Posting: # 16998
Could you please explain the following points?
Many Thanks in advance
Edit: Subject line changed (was: Higher order cross over designs). [Helmut]
Posting: # 17000
your terminology is unfortunate. Generally x-way (x: 2, 3, 4…) refers to the number of treatments (or formulations). The common 2×2×2 (for simplicity aka 2×2, TR|RT, AB|BA) refers to two treatments, two sequences, two periods. If we have more than one treatment we talk about a ”higher order crossover”. Examples: 3×3 and 4×4 Latin Squares or a 3×6×3 Williams’s design.
In none of these designs any of the treatments is replicated.
» 1. Is there any thumb rule (apart from %CV more than 30), when to use three way against four way cross over design?
IMHO, only if the sample volume is limited, a three-period replicate is the better choice. In a four-period replicate the chance of dropouts is higher than in three-period replicates. However, the loss of power is overrated by many.
» 2. […] four way design reduces the sample size compared to three way designs,
Correct. But to get the same power the number of treatments (and hence, the number of biosamples mainly driving the study costs) is similar. Sample sizes (n) and number of treatments (t) for GMR 0.9, target power 80%:
In all cases (independent from the scaling method) the four-period full replicate requires the least number of treatments – which is both ethically and economically preferable.
» […] is there any additional advantage which four way design give
You’ll get CVwT additionally to CVwR (which is required for reference-scaling). More about that at the end of the post. Nice to know and required for the FDA’s RSABE for NTIDs.
» (in terms of overall outcome of the study)?
If you mean the chance of passing BE, no.
» 3. Even though variability is less than 30%, we perform three or four ways cross over study, would it enhances chance of passing the study (i.e forced BE) compared to simple two way design?
Generally not. The sample size is not directly accessible, only power. The sample sample size is iteratively altered until at least the target power is reached. Example:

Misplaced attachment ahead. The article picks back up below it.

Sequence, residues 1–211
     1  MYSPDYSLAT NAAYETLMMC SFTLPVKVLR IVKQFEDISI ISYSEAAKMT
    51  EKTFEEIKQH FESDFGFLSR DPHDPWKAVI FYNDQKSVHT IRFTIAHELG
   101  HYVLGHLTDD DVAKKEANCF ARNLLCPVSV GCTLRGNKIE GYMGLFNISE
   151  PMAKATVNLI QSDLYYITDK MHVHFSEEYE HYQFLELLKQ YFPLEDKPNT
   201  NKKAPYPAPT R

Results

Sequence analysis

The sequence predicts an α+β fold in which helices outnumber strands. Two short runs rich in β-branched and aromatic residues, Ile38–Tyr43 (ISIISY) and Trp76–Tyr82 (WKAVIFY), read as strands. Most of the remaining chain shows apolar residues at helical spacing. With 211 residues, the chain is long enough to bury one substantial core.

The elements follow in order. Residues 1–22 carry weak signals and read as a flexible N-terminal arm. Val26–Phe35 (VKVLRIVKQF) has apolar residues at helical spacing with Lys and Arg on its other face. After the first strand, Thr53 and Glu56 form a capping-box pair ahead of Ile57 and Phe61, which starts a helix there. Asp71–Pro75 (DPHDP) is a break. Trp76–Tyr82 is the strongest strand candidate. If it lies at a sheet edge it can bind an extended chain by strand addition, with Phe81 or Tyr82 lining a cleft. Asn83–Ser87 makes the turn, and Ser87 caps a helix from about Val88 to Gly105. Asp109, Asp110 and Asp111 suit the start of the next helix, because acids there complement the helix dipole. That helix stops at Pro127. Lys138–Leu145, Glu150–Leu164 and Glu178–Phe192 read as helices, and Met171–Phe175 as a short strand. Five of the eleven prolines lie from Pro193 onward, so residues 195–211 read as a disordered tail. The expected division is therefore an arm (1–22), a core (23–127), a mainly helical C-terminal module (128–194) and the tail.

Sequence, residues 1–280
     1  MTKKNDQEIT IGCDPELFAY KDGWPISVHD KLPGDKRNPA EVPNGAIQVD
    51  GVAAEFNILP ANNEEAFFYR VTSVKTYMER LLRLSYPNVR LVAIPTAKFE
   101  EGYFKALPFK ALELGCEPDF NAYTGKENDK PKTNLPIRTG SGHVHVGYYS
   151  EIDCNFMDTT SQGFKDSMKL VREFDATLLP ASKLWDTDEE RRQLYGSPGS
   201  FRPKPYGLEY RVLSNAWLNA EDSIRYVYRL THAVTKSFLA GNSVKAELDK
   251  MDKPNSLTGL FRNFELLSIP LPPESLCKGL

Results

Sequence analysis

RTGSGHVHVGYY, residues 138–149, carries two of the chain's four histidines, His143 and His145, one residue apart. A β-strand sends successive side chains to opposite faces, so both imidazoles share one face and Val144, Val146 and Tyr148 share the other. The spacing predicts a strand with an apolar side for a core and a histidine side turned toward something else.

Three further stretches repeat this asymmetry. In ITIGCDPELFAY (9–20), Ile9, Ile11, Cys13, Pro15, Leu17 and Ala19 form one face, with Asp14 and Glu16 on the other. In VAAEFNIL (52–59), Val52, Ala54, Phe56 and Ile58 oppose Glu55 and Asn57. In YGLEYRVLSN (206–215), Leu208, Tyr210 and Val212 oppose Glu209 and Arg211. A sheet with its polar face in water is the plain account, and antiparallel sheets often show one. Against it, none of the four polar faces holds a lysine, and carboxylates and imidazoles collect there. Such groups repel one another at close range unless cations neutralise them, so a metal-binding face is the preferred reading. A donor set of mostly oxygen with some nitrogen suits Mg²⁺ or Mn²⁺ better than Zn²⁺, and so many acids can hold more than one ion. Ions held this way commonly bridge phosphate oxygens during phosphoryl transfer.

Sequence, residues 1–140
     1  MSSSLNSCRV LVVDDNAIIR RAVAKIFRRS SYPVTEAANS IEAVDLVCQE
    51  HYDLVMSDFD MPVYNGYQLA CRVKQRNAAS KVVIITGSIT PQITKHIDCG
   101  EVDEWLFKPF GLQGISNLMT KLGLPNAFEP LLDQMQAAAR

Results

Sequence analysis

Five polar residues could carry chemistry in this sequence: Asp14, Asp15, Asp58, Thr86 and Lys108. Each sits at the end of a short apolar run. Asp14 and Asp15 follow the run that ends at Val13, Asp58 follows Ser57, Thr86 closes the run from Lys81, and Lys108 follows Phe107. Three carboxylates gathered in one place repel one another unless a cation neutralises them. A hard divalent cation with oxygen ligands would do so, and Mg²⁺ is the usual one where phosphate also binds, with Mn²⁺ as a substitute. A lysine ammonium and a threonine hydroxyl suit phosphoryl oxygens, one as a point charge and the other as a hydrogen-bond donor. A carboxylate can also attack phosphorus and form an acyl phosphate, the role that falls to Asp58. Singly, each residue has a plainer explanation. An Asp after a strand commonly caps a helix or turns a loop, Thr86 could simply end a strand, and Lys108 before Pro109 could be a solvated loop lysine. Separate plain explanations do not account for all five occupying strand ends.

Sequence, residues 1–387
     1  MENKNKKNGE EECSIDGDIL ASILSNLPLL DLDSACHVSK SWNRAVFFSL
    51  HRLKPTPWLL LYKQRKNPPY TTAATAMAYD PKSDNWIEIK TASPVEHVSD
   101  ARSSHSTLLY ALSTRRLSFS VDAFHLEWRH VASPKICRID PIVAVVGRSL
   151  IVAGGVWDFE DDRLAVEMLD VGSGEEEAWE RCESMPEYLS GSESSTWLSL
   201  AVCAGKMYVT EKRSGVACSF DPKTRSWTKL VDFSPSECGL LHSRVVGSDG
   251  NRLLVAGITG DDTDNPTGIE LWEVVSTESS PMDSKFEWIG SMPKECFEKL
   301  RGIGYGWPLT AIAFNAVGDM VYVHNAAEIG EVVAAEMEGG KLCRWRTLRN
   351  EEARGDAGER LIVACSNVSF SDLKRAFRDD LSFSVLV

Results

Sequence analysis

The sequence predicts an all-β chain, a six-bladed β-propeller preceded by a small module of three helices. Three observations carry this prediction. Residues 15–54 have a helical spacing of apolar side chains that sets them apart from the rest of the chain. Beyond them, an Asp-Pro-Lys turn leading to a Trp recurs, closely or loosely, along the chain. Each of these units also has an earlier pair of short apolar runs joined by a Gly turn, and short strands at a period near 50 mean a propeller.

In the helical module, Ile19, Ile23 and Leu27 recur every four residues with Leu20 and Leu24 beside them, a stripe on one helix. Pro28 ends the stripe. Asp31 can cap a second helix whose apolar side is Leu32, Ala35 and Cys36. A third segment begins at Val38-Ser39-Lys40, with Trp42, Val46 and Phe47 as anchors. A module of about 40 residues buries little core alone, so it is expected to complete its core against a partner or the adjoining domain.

In conventional (unscaled) ABE the sample sizes for the 4-period full replicate designs are ~½ of the 2×2×2 and the ones for the 3-period replicates ~¾ of the 2×2×2.
The number of periods in replicate designs is not so important.
You have to decide whether you use one of the full replicates (two sequences; four periods: 2×2×4 or RTRT|TRTR, three periods: 2×2×3 or RTR|TRT) or the partial replicate (three sequences; three periods: 2×3×3 or RRT|RTR|TRR). The later is a lousy design (since T is not repeated and the FDA’s model is over-specified). In the worst case the study is done and the optimizer fails to converge (independent from the software). Then you are in bad situation. Lots of money spent, no result at all… Please avoid it; don’t follow guidelines blindly.
If you opt for one of the full replicates (which I hope) you should perform the pilot study in a full replicate design as well. In many cases the variability of T is lower than the one of R – which will lead to a lower sample size for the pivotal study. If the pilot study was performed in the partial replicate you have to assume that CVwT = CWwR. Examples for GMR 0.90, target power 80%, 4-period full replicate:
You should get:
All the best,
The quality of responses received is directly proportional to the quality of the question asked. ☼
Posting: # 17002
Thanks Helmut for your elaborate explanation.